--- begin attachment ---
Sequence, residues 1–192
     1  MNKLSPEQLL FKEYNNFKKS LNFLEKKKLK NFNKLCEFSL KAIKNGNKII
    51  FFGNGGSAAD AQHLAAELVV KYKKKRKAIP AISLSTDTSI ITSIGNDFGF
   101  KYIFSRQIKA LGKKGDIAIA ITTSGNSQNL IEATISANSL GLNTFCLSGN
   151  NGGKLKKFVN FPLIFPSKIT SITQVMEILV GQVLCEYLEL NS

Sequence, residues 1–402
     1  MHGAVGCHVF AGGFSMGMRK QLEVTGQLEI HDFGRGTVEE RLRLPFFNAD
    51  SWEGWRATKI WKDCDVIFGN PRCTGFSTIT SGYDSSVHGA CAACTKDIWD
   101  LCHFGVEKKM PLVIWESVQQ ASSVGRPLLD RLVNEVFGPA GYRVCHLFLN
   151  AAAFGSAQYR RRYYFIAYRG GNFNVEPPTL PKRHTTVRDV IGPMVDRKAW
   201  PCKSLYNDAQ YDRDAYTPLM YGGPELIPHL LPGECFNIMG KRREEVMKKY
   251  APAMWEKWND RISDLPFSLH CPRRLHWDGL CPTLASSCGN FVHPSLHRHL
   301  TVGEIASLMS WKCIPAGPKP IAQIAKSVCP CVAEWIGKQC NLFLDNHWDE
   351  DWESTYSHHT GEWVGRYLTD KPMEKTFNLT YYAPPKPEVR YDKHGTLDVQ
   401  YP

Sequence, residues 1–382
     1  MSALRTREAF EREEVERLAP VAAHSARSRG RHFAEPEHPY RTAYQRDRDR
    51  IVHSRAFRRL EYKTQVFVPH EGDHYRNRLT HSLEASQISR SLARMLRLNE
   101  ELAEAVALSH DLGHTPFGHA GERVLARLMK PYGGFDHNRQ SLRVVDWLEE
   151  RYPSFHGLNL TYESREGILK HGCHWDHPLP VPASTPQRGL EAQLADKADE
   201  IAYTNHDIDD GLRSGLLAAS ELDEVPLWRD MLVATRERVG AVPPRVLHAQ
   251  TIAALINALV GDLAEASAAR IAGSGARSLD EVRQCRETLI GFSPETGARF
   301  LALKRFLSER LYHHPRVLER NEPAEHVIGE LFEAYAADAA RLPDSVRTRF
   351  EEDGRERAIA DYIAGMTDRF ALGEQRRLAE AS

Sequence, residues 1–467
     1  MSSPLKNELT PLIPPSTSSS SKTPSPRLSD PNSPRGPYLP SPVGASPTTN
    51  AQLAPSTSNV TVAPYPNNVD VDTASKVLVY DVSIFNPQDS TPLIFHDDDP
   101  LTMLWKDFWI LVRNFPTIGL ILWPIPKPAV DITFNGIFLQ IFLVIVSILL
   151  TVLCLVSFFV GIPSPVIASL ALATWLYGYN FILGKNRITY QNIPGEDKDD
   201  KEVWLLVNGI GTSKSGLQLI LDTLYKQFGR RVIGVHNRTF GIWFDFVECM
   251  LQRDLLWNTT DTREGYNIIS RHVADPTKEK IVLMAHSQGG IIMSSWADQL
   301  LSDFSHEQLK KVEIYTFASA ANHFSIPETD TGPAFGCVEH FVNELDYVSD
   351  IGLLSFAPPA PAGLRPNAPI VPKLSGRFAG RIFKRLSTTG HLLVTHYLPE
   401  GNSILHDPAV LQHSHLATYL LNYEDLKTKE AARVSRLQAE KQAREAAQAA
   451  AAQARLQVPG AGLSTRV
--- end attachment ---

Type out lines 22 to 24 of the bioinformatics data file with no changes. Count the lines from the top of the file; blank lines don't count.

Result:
   251  TIAALINALV GDLAEASAAR IAGSGARSLD EVRQCRETLI GFSPETGARF
   301  LALKRFLSER LYHHPRVLER NEPAEHVIGE LFEAYAADAA RLPDSVRTRF
   351  EEDGRERAIA DYIAGMTDRF ALGEQRRLAE AS